Recovery from the Permian-Triassic extinction event was protracted, on land, the term Permian was introduced into geology in 1841 by Sir R. I. Murchison, president of the Geological Society of London, who identified typical strata in extensive Russian explorations undertaken with Edouard de Verneuil, the region now lies in the Perm Krai of Russia. This could have in part caused the extinctions of marine species at the end of the period by severely reducing shallow coastal areas preferred by many marine organisms. During the Permian, all the Earths major landmasses were collected into a supercontinent known as Pangaea. The Cimmeria continent rifted away from Gondwana and drifted north to Laurasia, a new ocean was growing on its southern end, the Tethys Ocean, an ocean that would dominate much of the Mesozoic Era. Large continental landmass interiors experience climates with extreme variations of heat and cold, deserts seem to have been widespread on Pangaea. Such dry conditions favored gymnosperms, plants with seeds enclosed in a cover, over plants such as ferns that disperse spores in a wetter environment.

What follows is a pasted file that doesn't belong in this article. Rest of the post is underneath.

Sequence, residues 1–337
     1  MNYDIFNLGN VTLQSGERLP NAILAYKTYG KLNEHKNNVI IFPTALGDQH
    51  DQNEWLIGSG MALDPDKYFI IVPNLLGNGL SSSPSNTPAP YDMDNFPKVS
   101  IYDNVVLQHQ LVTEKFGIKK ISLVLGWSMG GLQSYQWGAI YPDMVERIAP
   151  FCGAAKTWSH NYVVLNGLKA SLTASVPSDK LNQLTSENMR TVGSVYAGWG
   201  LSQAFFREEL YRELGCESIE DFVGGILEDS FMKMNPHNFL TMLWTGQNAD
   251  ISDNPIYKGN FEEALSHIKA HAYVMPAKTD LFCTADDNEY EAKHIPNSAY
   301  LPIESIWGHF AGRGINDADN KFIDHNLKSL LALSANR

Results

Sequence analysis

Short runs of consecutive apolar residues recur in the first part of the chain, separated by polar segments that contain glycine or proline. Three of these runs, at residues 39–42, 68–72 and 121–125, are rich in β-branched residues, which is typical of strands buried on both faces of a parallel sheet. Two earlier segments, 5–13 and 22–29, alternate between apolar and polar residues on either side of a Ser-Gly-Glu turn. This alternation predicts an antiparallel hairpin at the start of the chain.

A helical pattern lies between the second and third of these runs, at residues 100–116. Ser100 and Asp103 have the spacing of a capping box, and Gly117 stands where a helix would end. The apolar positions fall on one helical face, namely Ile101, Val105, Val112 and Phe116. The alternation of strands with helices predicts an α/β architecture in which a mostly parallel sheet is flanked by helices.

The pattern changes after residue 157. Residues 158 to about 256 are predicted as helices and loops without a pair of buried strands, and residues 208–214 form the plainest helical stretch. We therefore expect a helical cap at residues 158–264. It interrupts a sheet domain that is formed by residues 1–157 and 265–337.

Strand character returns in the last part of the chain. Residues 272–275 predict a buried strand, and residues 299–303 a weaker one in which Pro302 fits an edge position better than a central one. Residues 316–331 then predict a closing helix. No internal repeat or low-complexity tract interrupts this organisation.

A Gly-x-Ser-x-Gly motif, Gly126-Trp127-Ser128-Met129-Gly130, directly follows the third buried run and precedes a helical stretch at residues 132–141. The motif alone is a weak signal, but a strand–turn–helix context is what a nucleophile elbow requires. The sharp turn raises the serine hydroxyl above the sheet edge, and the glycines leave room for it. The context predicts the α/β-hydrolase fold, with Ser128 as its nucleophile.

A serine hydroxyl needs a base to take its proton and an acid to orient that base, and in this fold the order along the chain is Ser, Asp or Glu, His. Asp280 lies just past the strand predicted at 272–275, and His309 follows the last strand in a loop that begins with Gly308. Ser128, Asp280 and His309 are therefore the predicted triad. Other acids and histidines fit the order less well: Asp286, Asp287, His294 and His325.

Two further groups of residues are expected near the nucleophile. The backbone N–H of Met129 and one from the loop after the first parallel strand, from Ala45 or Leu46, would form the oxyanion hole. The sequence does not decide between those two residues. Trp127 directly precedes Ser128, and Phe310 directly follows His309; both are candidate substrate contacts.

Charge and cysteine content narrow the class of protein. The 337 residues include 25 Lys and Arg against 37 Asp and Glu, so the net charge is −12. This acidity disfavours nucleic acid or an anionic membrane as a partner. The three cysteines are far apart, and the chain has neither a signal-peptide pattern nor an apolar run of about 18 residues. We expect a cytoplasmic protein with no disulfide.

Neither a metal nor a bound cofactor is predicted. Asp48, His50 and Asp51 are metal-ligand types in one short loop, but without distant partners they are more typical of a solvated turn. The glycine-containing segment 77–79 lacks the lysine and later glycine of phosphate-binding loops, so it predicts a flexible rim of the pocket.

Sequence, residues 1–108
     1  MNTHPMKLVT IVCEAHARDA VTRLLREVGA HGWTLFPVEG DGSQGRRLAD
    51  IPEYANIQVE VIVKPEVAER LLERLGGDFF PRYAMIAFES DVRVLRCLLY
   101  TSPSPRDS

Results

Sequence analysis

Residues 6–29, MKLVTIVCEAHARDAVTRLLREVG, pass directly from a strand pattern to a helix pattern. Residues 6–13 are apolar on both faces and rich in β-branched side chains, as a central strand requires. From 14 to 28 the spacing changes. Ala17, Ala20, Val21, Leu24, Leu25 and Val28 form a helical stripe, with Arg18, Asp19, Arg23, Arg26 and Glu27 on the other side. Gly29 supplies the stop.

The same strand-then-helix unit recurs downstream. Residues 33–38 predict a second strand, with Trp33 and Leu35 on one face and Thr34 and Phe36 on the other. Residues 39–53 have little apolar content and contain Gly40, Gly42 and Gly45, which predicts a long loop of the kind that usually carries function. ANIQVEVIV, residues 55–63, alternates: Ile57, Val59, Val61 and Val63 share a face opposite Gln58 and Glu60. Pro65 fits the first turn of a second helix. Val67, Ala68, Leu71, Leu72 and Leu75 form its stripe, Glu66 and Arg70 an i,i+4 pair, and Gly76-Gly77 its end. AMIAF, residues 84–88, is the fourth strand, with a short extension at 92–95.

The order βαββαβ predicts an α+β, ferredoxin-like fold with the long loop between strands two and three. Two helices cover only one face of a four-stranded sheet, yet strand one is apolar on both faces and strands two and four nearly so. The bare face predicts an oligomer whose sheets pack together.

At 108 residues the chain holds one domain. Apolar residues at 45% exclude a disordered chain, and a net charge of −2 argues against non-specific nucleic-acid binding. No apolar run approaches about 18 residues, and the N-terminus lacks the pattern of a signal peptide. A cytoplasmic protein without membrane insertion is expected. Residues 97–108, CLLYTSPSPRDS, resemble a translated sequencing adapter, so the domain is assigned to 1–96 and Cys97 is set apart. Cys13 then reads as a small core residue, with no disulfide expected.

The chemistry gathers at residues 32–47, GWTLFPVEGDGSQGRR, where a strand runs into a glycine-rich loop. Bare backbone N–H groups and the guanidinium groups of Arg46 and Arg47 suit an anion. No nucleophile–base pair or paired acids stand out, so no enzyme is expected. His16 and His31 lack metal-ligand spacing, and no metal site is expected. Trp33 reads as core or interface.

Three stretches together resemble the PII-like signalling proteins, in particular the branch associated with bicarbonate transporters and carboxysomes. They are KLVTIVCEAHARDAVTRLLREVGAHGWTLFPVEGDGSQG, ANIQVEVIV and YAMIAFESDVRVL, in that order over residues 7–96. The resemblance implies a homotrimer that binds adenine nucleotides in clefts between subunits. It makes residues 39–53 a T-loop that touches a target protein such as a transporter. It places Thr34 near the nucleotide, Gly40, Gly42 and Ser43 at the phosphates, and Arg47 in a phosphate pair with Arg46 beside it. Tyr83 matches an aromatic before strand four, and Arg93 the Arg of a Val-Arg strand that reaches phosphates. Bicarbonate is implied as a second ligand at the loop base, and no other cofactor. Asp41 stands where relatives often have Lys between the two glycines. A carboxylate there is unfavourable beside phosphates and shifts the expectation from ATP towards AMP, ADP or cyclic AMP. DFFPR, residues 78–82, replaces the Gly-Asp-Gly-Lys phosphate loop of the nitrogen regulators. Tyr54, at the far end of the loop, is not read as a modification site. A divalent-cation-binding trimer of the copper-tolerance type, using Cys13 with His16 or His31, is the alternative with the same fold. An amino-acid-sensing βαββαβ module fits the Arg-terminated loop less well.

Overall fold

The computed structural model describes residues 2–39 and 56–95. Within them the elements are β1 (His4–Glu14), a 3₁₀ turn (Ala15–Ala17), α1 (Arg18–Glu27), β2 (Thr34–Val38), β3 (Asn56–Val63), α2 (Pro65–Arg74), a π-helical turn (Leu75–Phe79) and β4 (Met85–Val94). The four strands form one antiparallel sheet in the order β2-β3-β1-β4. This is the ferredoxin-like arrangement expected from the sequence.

The first modern trees appeared in the Permian, the climate in the Permian was quite varied. At the start of the Permian, the Earth was still in an Ice Age, glaciers receded around the mid-Permian period as the climate gradually warmed, drying the continents interiors. In the late Permian period, the drying continued although the temperature cycled between warm and cool cycles, Permian marine deposits are rich in fossil mollusks and brachiopods. By the close of the Permian, trilobites and a host of other groups became extinct. Terrestrial life in the Permian included diverse plants, arthropods, the period saw a massive desert covering the interior of Pangaea